I truly believe I’ve found my spirit animal — it’s Marie Kondo.
I’ve written before about her book The Life-Changing Magic of Tidying Up: The Japanese Art of Decluttering and Organizing. But this week I finally got around to listening to the entire audiobook and I have to admit I’m a convert (mostly.)
Now I understand why she’s such a rockstar in Japan and why there is a waiting list to work with her!
In her book, Marie explains that she started “tidying” when she was 5 years old. Like a classic middle child she did it to get attention and praise from her parents. Since then, for Marie, tidying has become a celebration. She even dresses up for the event.
Marie says everything you own wants to be of use to you. Isn’t that such a nice way of thinking about it? That was a huge mindset switch for me.
Does It Spark Joy?
To start the decluttering process, or as she calls it — the “KonMari” method — Marie suggests taking each item individually into your hands and asking yourself one simple question: Does it spark joy?
I love ridged rules. Very black and white. The less wiggle room you have, the more forceful you become with your decision making. So ultimately it takes less time. Love that!
I know what you’re thinking, is it really a good idea to throw stuff out on a whim? What if I need it later?
Marie’s advice is:
- Ask yourself — why do you have it?
- Then reassess its role in your life.
- Acknowledge that sometimes you have to say, “thank you for teaching me what doesn’t suit me” and let it go (for stuff that you bought that doesn’t fit, or you thought you would like or use and didn’t.)
- If something doesn’t spark joy but is necessary — keep it until it’s done serving a purpose though.
Detox Your Life
She calls tidying a form of “detoxing” and believes reducing what you own will have an effect on your body too. The air inside becomes fresh and clean. You feel less cluttered not just at home, but in your mind.
Another great side effect is that you feel greater confidence and decisiveness when faced with issues and questions. When you’ve made the decision to throw out half your stuff, you’re ready for almost any decision!
In Marie’s opinion far too many people live surrounded by things they don’t need “just because”. I have to admit I can be one of those people! Collecting reusable bags that I may need one day, or buying a dress that I may wear to a fancy event because it’s on sale.
Marie says to always have a designated place for everything. I already do this for the most part, as evidenced by my closets. She also suggests only buying what you will use. For example, leave that top you wanted in the store until you are ready to use it. It will be waiting for you when you need it.
Using her method, I got rid of 7 bags of clothing and 2 boxes of books. Not to mention several garbage bags of old receipts, coupons and old checks.
Now when I step foot into my closet — it looks like one of those posh boutiques where all the clothes have room to breathe. It looks like each piece was expertly curated and chosen just for me. That’s because they were!
As much as I enjoyed Marie’s take on tidying, there was a few things I disagreed with:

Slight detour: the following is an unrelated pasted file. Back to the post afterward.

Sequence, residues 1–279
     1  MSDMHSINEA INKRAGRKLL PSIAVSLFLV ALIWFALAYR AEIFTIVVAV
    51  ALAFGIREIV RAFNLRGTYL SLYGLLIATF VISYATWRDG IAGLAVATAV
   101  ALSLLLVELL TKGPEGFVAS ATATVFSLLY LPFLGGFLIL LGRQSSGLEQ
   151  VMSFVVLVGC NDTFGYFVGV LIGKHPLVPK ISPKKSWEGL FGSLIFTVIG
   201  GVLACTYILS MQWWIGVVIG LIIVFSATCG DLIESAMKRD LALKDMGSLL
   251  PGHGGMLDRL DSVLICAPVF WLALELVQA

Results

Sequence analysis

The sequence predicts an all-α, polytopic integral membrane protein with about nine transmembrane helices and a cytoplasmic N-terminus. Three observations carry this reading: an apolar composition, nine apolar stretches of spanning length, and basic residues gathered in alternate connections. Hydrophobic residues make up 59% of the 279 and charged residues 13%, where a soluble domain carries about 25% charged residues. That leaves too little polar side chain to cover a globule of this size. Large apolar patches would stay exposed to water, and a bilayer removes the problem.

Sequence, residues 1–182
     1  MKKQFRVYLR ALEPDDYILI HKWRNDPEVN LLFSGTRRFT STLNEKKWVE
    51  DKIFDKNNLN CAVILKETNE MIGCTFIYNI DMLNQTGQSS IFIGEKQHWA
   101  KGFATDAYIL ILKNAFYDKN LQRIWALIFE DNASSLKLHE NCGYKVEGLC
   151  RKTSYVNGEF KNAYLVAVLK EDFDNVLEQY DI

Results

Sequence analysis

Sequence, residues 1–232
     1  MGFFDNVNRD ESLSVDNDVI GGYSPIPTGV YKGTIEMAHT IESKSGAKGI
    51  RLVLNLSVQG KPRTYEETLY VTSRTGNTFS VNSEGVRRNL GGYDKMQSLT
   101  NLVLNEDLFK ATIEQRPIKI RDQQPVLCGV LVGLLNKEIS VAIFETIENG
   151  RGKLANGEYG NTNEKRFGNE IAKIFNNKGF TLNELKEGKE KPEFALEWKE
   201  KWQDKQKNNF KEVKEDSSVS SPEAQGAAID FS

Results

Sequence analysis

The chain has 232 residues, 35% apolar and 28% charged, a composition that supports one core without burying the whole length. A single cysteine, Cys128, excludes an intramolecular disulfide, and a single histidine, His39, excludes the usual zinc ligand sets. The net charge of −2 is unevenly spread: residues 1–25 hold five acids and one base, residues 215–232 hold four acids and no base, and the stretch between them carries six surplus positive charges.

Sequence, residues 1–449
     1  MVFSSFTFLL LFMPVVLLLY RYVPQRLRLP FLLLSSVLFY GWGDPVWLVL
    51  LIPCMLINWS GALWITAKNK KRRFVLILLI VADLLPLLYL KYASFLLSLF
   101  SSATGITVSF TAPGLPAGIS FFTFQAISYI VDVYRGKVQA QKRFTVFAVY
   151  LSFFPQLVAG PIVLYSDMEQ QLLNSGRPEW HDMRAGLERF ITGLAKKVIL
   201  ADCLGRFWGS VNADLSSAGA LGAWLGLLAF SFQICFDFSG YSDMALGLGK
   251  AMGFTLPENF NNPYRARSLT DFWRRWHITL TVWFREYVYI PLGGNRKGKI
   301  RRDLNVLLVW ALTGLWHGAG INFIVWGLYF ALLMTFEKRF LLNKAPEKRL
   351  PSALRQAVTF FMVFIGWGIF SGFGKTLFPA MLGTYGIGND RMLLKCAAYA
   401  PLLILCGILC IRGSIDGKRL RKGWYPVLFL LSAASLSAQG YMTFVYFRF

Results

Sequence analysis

- She tells you to dump out the contents of your purse every single day and have a spot to keep your frequently used stuff (wallet, phone, etc.) This might be a good solution if your purse is constantly messy. But it just doesn’t seem very efficient to me.
- Tells you to tear off labels from boxes and take tags off clothes immediately. Which is a bit too impulsive for my liking. Maybe because I had lots of stuff with tags still attached! However I tried it and it did make the clothes feel more “mine” immediately.
My favorite part of the book is that she encourages you to express gratitude to your stuff daily. Treat each item as though they are alive. It’s a little kooky, but I love this idea!
Our belongings work hard for us and that should be recognized. My friend Terri and I have gotten really into this and have been texting each other ideas for taking better care of our stuff.
This week I left the closet door open so my clothes could get some fresh air and sunlight and Terri massaged her sweaters.
Marie’s message is simple, but true. There is NO greater happiness than being surrounded by ONLY things you love. Letting go is even more important than adding.
Get This Stuff Out of Here!
Ok so once you go through the process and purge — then what?
You’re left surrounded by clutter and for me that’s a terrible combination. I hate having unfinished business staring at me. (That’s probably why I had such a big problem when we renovated our apartment!)
Now you decide. Do I throw out or do I donate?
If you’re going to donate I suggest checking out your options in advance. Believe me , once you get all those bags of stuff all around you — all you want to do is get them out of your sight.
If you have a car and know of a church or donation center where you can drop it off — great. Set aside time to do it right after you clear your clutter.
If you’re like me and live in a city without a car your options are limited. Sure you could take a cab but then you’re lugging stuff all over the city. There are services that will come and pick up the donations for free or for a small charge.
My problem with the pickups is that you need to schedule them in advance and I didn’t do that. I wanted the stuff moved out of my apartment now. So I hired a lovely TaskRabbit to come and take my stuff and bring it to Goodwill for me. Money well spent! I’m all about outsourcing and lowering my stress levels.
So what do you think of Marie’s tidying technique?